The Culture Trip featured a "Book Lover's Guide to Chicago," noting that as "there is something about wandering around a bookstore and flipping through the pages of a book and smelling that 'bookstore' smell that can't be beat. Get ready to grab a warm cup of coffee, cozy up in the corner, and forget the world at the best literary spots in Chicago."


Pennie Picks LaRose

Pennie Clark Ianniciello, Costco's book buyer, has chosen LaRose: A Novel by Louise Erdrich (Harper, $27.99, 9780062277022) as her pick of the month for May. In Costco Connection, which goes to many of the warehouse club's members, she wrote:

"If you ever begin to doubt the power of a good story, this month's book buyer's pick, Louise Erdrich's novel LaRose, is for you.

"In North Dakota in 1999, Landreaux Iron accidentally shoots his neighbor's young son, Dusty, in a hunting accident. The incident rocks the two families, and Landreaux and his wife do their best to make amends by sending their young son, LaRose, to replace Dusty. A surprising new normal develops, revealing how interconnected we all are.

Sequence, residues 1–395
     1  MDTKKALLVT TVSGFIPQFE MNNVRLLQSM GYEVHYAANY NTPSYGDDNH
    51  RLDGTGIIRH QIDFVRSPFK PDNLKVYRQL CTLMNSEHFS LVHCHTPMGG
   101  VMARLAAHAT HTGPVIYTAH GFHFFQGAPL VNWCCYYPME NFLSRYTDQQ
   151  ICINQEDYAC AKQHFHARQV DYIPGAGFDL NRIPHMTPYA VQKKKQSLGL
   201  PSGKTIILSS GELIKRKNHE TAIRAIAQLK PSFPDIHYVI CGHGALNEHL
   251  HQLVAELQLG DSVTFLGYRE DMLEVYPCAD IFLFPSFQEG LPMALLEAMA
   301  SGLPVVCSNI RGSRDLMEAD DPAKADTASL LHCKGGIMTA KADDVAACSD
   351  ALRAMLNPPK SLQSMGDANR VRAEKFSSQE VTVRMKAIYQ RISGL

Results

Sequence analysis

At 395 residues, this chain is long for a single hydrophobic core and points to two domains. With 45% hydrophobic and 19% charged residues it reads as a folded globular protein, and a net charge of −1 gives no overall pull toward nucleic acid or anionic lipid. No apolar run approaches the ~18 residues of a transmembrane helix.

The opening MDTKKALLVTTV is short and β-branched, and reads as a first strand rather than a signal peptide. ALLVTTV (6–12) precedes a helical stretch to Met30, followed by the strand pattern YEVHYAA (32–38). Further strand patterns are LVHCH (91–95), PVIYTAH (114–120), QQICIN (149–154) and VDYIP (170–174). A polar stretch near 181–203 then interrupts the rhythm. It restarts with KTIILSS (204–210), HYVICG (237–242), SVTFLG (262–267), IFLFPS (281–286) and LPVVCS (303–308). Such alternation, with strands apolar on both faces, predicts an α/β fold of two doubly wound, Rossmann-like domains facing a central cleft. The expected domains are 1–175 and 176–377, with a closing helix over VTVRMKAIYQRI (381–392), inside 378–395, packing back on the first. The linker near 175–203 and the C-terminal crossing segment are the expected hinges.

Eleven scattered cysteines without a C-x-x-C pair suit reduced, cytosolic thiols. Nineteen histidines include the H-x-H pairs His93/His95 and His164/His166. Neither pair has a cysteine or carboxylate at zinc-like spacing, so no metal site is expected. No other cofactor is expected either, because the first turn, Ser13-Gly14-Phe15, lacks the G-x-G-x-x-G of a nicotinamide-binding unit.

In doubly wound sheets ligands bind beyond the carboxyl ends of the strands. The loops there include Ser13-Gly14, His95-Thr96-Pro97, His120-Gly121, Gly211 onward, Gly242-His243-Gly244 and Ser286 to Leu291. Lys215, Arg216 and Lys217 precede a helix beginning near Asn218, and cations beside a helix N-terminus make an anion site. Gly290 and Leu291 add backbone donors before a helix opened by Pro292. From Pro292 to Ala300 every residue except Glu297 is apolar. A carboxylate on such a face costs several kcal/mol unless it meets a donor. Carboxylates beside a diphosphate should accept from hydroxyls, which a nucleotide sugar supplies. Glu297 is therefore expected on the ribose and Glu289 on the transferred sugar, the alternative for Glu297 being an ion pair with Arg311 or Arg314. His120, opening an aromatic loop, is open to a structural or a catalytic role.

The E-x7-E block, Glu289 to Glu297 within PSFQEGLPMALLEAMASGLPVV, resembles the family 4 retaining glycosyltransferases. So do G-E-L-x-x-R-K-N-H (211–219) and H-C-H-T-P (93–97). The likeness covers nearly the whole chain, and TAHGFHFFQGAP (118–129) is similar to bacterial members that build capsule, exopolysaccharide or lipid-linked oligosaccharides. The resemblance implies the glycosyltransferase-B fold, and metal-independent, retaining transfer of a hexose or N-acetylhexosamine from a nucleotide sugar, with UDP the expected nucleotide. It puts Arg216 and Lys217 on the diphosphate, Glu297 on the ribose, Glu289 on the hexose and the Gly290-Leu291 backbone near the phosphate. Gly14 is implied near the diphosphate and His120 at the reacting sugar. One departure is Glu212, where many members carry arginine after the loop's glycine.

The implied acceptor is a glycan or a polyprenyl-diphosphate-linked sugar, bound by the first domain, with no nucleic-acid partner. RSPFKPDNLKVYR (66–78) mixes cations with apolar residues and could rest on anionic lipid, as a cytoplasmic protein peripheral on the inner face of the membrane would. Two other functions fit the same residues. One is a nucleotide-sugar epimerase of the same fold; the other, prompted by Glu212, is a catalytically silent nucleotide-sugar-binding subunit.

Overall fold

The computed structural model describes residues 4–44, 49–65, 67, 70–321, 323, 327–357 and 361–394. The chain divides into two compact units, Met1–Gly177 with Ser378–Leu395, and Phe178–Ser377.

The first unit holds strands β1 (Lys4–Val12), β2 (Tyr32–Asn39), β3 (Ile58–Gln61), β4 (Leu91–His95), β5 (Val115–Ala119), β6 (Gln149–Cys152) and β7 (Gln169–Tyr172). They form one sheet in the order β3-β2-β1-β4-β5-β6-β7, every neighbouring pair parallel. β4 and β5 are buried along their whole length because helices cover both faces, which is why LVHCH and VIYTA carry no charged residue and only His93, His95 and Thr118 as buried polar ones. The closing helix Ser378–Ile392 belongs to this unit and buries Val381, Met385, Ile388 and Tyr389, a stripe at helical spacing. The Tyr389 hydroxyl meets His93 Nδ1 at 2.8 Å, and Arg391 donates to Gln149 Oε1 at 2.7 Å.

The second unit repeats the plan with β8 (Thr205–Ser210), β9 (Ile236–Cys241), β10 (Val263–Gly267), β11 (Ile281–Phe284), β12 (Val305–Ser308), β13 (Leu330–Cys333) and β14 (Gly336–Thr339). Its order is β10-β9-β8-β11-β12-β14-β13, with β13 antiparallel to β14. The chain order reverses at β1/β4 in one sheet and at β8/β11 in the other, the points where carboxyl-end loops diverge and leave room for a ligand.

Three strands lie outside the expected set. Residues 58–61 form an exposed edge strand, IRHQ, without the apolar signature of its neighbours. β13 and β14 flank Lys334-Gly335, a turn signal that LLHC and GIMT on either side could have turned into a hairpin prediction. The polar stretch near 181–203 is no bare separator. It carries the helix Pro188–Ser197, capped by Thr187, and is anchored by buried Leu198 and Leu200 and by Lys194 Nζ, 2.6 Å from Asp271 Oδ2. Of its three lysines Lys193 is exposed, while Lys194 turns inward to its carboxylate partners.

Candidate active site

"Moving back and forth in time and giving readers a glimpse into the lives of many characters, Erdrich weaves a story filled with sadness, love, jealousy, acceptance and so much more."


Personnel Changes at Rodale, S&S Children's

Angie Giammarino has joined Rodale Books as senior marketing manager. She formerly worked at Macmillan, most recently as a marketing manager and earlier as associate marketing and digital strategy manager.

---

Diego Molano Rodriguez joins Simon & Schuster Children's Sales as sales assistant.